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Chris Saunders gave his life for federal social programs Print E-mail
Written by Link Byfield   
Monday, 18 October 2004

It will be some time before we know specifically what caused the submarine fire on HMCS Chicoutimi that killed Lieutenant Chris Saunders, 32, father of two young kids.

We can say that Chris Saunders died for his country, but we don't actually believe it. The sad reality is that Ottawa equips our soldiers, sailors and airmen with junk, and they die trying to make it work--under-protected armored vehicles, wrong-colored uniforms, forty-year-old Sea Kings, out of date fighter jets, leaky submarines--the story is forever the same.

At the same time, the feds spend billions every year for whole armies of slackers all over the country to do nothing, and they call it "compassion."

The disabled submarine was purchased second-hand with three others from the Royal Navy in 1998. They have reportedly been plagued by electrical malfunction, leaks and rust.

Not good enough for Britain, but good enough for Chris Saunders.

The Chicoutimi was cruising homeward at 20 knots on its first Canadian voyage, three days out from Scotland. The crippling electrical fire forced her to surface in heavy seas far off the northwest coast of Ireland. Three injured crewmen were evacuated by British helicopters to Ireland the next day. Saunders died, the other two are recovering.

Meanwhile, the remaining 54 crew were left to sit out a north Atlantic gale, helplessly pitching and rolling in 25-foot waves for four or five days, too disabled to submerge, and with seas too rough to attach a rescue line from a British tug.

I wonder what those crewmen thought as the cruel sea bashed and battered their 200-foot vessel with weather she is supposed to avoid. Apparently their sister submarine, HMCS Corner Brook, had experienced a similar fire. The crew will have known that. I wonder what they thought.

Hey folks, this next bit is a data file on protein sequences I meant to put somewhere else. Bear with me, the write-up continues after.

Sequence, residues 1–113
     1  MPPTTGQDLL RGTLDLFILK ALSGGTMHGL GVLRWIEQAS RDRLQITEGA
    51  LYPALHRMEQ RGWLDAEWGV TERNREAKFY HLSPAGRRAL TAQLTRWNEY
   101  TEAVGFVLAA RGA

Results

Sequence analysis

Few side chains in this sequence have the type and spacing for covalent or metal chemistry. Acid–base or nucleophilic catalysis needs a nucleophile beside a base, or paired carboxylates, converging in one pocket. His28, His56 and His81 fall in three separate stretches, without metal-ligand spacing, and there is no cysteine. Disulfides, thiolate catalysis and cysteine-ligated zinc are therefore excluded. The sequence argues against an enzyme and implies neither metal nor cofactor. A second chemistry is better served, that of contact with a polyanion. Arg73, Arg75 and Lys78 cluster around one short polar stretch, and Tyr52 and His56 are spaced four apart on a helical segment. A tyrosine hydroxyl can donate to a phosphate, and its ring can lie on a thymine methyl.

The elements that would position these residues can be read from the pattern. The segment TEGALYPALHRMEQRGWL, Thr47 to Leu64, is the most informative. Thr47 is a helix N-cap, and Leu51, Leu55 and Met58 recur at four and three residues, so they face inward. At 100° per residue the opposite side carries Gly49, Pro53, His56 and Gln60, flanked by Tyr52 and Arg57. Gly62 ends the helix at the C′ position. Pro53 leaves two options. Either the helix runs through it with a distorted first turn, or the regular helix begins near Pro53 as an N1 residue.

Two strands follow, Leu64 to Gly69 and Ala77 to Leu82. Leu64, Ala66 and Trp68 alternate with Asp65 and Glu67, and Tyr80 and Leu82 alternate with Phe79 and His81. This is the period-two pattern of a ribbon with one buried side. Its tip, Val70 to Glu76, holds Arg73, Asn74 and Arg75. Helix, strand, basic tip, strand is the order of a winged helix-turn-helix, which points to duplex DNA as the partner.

I know what I thought. This is Trudeau's peacenik Canada, which sneers at Uncle Sam while relying on him for defence. Instead of a real navy, we have a pretend navy, in which the main hazard to our ships is that our obsolete helicopters will fall on them.

You might recall that on February 27, 2003, bound for the Persian Gulf war zone, a Sea King was lifting off destroyer HMCS Iroquois, but seconds later crashed back on the deck. Two men were injured, bringing the Sea King casualty count to 111. The Sea King death count, mercifully, remained at ten.

They blamed that one on pilot and mechanical service error--just as when someone is stabbed to death you can blame it on heart failure. The real cause of our ongoing military embarrassments is the utter contempt of federal governments, especially Liberal ones, since the 1960s for national defence.

For the past four decades Ottawa has largely abandoned its constitutional duty to defend us, while it invaded the provincial sphere with loser entitlement programs like the Canada Pension Plan, employment insurance, the Canada Health Act, welfare funding, and regional job creation.

This whole approach is backwards. In an always-hostile world, a national government should maintain as large and credible a defence deterrent as possible, while local governments keep their own internal social entitlements as small and affordable as is reasonable.

It's a question of balance.

The vain death at sea of Lieutenant Saunders is more sad evidence that ours is woefully out of whack.

- Link Byfield

Link Byfield is chairman of the Edmonton-based Citizens Centre for Freedom and Democracy, and an Alberta senator-elect.
"Just Between Us" is a feature service of the Citizens Centre for Freedom and Democracy. The purpose of the Citizens Centre is to enhance freedom and democracy by enabling ordinary citizens to become active and effective on important issues outside the normal processes of party politics.

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